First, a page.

- Controversy over Mao pins at medal ceremony
- Concerns about greenwashing in financial investments
- Wuhan tests entire city for Covid
- Authorities investigate prices of semiconductors
- China demands further information on frigate’s mission
- Will more ‘local content’ be mandatory for medical technology?
- Hong Kong artist Kacey Wong flees to Taiwan
- Tools: Artificial intelligence in Shenzhen
Political statements in sports stadiums are not uncommon. Perhaps the most famous one was the black-power gesture by African-American sprinters Tommie Smith and John Carlos, who raised their fists during the victory ceremony for the 200-meter race at the 1968 Olympics in Mexico City and made history. And US basketball players drove Donald Trump up a wall last year by kneeling during the playing of the national anthem.
Controversy over the politicization of the Games continues this year: Chinese track cycling sprinters Bao Shanju and Zhong Tianshi stood on the podium at the medal ceremony wearing a Mao pin in red and gold. The Olympic Committee has now launched an investigation into the matter, suspecting a possible violation of rules. In China, the press was sent into patriotic awe – although the People’s Republic is always the first to warn vociferously of the politicization of sporting events. Marcel Grzanna took a closer look at the paradox.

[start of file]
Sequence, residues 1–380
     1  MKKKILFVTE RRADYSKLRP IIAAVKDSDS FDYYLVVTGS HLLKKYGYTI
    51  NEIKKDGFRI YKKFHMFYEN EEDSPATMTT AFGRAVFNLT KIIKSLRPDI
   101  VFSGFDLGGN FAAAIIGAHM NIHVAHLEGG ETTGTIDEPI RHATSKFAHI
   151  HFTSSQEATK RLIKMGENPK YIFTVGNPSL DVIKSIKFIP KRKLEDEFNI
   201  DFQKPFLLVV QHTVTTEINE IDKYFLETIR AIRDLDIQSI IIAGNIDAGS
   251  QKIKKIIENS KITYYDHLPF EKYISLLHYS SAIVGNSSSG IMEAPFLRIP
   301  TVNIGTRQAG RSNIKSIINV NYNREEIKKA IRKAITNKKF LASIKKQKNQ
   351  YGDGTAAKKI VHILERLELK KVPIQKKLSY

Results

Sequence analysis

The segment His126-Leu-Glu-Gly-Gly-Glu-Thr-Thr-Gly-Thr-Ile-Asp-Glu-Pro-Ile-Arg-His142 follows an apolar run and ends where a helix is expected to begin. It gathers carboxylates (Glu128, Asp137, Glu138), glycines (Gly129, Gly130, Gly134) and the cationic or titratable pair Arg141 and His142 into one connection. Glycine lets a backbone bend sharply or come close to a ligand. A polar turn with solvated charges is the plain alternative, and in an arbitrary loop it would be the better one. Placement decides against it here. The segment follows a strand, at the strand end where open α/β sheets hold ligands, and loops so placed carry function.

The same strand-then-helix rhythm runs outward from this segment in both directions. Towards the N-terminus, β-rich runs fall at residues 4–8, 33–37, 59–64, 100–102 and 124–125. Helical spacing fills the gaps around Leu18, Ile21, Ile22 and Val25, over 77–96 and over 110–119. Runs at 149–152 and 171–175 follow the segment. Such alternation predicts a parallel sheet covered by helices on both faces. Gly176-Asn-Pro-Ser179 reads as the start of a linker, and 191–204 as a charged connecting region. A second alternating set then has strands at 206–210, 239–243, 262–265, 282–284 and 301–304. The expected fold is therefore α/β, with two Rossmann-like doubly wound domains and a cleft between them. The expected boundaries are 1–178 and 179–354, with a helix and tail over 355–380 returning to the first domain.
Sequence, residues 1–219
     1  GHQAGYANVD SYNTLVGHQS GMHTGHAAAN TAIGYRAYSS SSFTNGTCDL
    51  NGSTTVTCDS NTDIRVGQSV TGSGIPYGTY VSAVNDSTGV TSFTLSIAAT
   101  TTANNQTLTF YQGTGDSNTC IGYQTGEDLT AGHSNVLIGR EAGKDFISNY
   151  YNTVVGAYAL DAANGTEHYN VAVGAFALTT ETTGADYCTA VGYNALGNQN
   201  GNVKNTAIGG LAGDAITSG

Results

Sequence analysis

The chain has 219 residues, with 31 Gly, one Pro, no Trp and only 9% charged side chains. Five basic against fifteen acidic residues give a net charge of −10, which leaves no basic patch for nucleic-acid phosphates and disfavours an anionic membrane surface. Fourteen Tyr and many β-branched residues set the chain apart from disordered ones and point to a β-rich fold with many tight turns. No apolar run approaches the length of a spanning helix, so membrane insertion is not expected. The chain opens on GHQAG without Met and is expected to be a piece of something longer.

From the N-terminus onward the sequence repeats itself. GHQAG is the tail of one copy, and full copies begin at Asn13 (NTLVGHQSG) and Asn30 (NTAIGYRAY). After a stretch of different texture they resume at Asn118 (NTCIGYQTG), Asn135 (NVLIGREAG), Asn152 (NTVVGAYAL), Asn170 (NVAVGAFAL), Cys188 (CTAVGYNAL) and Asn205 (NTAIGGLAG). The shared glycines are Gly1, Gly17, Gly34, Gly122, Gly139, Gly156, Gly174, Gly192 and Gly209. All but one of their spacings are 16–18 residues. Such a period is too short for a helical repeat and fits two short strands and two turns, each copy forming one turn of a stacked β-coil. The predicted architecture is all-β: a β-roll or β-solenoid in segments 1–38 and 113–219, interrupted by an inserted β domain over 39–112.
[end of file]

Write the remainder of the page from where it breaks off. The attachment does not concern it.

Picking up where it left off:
Contradictions can also be found in China’s green finance sector: The People’s Republic considers sustainable investments as a central building block for achieving its ambitious climate goals. However, the new regulations for more sustainability fall far short of international standards. Nico Beckert has taken a closer look at the dangers of greenwashing sustainable investments.
I wish you a pleasant Wednesday and hope you enjoy today’s briefing.
Olympia: Mao on the podium
As the Great Helmsman he was once chosen to be, China’s late founder Mao Zedong might have preferred a victory ceremony for the Chinese eight rowing. But as it was, track cycling sprinters Bao Shanju and Zhong Tianshi made his likeness their own after their gold triumph. At the medal ceremony on Monday, the two athletes had pinned a button to their chests which showed Mao’s likeness – small, but clearly visible up close.
The buttons sparked controversy because they could be considered a political symbol by the International Olympic Committee (IOC) and should therefore be punished as a violation of Article 50 of the Charter. The IOC did indeed launch an investigation on Tuesday and requested a statement from the Chinese team. However, the committee finds itself in a tough situation.
On Sunday, the US shot put Athlete Raven Saunders had crossed her arms above her head during the award ceremony. A gesture intended to be a sign of support for “the oppressed”, as she said. The U.S. Olympic Committee took the silver medalist’s side, recognizing the gesture as a “peaceful expression” to signal social justice for people of all colors. The IOC has so far let the gesture go unpunished, partly because it only announced a few weeks ago to interpret Article 50 less strictly than it has in the past.
- Mao Zedong
- Mao Zedong
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